or processing characteristics to the glass. The main techniques for the reduction of these
emissions are batch modification or scrubbing. Where the halides are present as impurities
emissions can generally be controlled by raw material selection, although scrubbing is often
used either where raw material selection is not sufficient or where scrubbing is used to control
other substances. Where halides are used to impart specific characteristics there are two main
approaches scrubbing or batch reformulation to achieve the same characteristics by other means.
Particular successes with reformulation have been achieved in continuous filament glass fibre.

Emissions from Non-Melting Activities

Emissions from downstream processing are sector specific and are described in some detail in
Section 4.5 of the main document. With the exception of the mineral wool sector emissions are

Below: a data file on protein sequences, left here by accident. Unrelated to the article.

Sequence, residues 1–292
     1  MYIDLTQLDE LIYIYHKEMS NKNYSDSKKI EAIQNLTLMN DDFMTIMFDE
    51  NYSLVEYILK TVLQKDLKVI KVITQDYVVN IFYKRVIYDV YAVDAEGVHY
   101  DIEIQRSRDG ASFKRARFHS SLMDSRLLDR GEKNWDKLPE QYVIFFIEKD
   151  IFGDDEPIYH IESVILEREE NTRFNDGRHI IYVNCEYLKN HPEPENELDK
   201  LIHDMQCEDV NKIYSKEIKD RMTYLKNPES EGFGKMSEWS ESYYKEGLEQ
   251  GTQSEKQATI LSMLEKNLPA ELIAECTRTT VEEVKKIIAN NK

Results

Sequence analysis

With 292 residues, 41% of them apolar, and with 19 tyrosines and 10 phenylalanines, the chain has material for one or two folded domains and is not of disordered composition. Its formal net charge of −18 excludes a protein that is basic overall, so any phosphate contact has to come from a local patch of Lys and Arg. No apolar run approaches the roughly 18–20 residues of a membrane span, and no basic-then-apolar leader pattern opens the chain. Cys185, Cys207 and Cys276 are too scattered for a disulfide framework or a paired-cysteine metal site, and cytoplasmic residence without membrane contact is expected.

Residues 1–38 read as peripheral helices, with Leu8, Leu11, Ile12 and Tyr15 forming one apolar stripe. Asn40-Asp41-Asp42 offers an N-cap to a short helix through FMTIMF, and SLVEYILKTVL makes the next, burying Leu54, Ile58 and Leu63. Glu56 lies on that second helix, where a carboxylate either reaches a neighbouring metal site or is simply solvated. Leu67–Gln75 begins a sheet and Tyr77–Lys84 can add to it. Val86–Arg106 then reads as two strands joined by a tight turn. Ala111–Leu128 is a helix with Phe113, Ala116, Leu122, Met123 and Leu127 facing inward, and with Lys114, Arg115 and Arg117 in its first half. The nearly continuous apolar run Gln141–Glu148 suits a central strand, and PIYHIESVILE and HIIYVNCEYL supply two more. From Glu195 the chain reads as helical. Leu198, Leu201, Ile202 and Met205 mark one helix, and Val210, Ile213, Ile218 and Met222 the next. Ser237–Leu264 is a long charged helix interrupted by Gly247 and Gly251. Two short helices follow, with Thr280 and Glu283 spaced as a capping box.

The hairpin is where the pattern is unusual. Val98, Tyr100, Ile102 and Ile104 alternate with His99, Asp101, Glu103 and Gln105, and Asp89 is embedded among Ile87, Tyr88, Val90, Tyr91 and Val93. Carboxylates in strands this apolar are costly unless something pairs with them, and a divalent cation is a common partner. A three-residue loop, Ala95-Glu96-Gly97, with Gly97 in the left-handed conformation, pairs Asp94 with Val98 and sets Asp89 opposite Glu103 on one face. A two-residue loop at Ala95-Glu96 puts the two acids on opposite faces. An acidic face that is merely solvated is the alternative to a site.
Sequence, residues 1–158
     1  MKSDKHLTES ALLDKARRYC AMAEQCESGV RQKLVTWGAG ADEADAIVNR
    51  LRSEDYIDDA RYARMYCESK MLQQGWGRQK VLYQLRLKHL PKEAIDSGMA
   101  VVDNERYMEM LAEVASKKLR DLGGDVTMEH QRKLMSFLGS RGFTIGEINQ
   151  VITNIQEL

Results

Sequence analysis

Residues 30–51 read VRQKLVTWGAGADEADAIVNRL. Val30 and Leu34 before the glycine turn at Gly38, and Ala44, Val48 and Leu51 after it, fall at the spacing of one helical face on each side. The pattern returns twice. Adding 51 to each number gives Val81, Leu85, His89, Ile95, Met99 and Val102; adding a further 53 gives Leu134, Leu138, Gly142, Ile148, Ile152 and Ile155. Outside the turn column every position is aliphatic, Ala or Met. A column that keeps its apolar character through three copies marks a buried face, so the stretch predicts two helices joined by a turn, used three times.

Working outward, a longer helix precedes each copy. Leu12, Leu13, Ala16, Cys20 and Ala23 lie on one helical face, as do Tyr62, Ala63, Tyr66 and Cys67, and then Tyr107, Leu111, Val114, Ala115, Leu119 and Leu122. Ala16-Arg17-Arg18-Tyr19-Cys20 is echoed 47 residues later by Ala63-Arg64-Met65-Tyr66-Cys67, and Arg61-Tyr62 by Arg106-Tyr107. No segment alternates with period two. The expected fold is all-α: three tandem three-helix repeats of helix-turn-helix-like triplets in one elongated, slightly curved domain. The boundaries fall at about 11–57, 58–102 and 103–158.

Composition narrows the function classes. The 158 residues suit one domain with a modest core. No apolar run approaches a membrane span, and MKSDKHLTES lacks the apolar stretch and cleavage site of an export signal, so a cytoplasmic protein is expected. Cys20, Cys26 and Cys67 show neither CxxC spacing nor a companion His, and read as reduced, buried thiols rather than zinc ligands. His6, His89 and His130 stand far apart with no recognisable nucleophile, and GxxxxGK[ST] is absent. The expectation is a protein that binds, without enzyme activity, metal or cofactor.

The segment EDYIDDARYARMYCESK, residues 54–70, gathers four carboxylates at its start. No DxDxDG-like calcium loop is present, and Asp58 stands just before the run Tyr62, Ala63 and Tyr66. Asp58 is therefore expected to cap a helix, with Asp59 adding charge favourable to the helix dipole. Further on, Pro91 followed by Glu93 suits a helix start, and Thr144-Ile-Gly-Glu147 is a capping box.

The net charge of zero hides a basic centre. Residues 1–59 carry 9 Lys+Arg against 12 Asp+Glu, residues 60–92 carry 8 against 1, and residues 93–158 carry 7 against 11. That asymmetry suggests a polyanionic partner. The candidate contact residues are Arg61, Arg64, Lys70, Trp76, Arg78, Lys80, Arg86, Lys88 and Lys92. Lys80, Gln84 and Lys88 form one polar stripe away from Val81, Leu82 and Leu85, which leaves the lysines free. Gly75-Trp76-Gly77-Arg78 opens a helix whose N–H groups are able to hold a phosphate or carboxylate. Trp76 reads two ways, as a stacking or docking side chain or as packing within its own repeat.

generally much lower than from the melting activities. Abatement techniques are generally
based on conventional dust collection and wet scrubbing techniques with some thermal

In mineral wool processes there is the potential for substantial emissions from the application
and curing of organic resin based binder systems. The techniques for controlling these
emissions are discussed in detail in Section 4.5.6 of the main document.

Emissions to Water

In general, emissions to the water environment are relatively low and there are few major issues
that are specific to the glass industry. Water is used mainly for cleaning and cooling and can be
readily recycled or treated using standard techniques. Specific issues of organic contamination
can arise from mineral wool and continuous filament glass fibre processes. Issues of heavy
metals (particularly lead) can arise from special glass, frits and domestic glass processes. The
table below identifies the main potential techniques for controlling emissions to water.

                 Physical/Chemical Treatment
                  Screening                           Neutralisation
                  Skimming                            Aeration
                  Settlement                          Precipitation
                  Centrifuge                          Coagulation and Flocculation